Even getting a shot can be enough to trigger these endorphins. Many doctors will give a small dose of pain medicine before giving you a shot just so you don’t feel any pain. This method is effective in most cases but it is not 100% foolproof.
There are a few rare cases where people were not able to feel any pain even before the shot due to a medical condition.
Research has found that there are two different types of people in the world. Some people feel less pain when they are really happy and others feel less pain when they are really scared. Many warriors throughout history probably enjoyed their battles because it caused them to not feel as much pain.
Some describe a “tunnel vision” state where all they can think about is the battle at hand and nothing else.
One interesting phenomenon is that feeling fear or anxiety can sometimes cause pain as well. For example, a person with a fear of needles may feel pain when getting a shot. These types of fears are called “social anxieties” and they can cause more than just a feeling of pain.
For example, a person with social anxieties may not be able to leave their house or even have a job.
Many doctors believe that medical marijuana should be legal for patients to use to help reduce their anxiety before going to the hospital. In some cases, it has even helped patients with PTSD or social anxieties. However, many doctors are still reluctant to prescribe medical marijuana because they are concerned about the side effects of the drug and they believe that patients can reduce their anxiety in other less harmful ways such as meditation.
If you are ever prescribed any form of pain medication, it is very important that you take it as directed. It can be tempting to take more than the recommended dose but this can cause problems for two reasons. The first reason is because taking too much of any drug can lead to an overdose.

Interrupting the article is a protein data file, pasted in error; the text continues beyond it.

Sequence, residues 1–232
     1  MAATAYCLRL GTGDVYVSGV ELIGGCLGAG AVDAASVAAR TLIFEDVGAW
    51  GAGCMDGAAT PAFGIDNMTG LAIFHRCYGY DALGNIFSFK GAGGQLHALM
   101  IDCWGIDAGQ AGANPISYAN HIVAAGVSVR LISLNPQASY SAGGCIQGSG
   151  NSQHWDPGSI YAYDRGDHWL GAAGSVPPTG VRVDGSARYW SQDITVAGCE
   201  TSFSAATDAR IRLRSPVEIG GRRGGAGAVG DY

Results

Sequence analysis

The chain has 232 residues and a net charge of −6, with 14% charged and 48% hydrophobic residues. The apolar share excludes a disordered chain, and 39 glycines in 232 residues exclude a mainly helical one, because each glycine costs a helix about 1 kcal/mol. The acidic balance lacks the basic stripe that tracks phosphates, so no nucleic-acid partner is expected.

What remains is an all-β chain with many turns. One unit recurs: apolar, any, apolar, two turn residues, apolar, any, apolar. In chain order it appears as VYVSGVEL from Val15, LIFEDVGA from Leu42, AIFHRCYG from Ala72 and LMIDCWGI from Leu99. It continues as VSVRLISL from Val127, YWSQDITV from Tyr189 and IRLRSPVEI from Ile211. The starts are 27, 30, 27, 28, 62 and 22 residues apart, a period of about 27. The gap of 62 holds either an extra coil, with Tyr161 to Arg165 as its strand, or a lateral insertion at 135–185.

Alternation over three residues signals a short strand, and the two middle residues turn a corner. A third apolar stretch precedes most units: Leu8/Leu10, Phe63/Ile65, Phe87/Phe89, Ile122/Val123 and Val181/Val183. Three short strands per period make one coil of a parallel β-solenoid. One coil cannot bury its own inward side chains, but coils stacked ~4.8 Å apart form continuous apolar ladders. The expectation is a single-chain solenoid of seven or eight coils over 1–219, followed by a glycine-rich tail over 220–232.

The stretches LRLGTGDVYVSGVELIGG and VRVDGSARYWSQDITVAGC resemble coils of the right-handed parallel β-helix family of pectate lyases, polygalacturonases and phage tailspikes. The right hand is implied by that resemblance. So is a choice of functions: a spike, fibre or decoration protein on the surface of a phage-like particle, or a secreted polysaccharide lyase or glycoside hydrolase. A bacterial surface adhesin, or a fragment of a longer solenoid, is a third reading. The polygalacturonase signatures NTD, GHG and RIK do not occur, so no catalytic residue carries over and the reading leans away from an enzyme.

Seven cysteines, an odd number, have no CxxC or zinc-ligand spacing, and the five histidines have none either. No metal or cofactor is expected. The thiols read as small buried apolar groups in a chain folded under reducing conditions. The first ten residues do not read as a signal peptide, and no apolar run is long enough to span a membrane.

The other reason is that pain medications such as Vicodin and OxyContin are often very easy to get addicted to.
Please take this information and use it wisely. Thank you for watching this briefing. We’ll see you next time.
Sources & references used in this article:
Differential effects of mindful breathing, progressive muscle relaxation, and loving-kindness meditation on decentering and negative reactions to repetitive thoughts by G Feldman, J Greeson, J Senville – Behaviour research and therapy, 2010 – Elsevier
Effects of a single session of large-group meditation and progressive muscle relaxation training on stress reduction, reactivity, and recovery. by SM Rausch, SE Gramling… – International Journal of …, 2006 – psycnet.apa.org
Muscle biofeedback and transcendental meditation: A controlled evaluation of efficacy in the treatment of chronic anxiety by M Raskin, LR Bali, HV Peeke – Archives of General Psychiatry, 1980 – jamanetwork.com
Effects of transcendental meditation and muscle relaxation on trait anxiety, maladjustment, locus of control, and drug use. by DC Zuroff, JC Schwarz – Journal of Consulting and Clinical …, 1978 – psycnet.apa.org
Biofeedback and meditation: Effects on muscle tension and locus of control by LD Zaichkowsky, R Kamen – Perceptual and Motor Skills, 1978 – journals.sagepub.com
Biofeedback and meditation in the treatment of psychiatric illnesses. by BC Glueck, CF Stroebel – Comprehensive Psychiatry, 1975 – psycnet.apa.org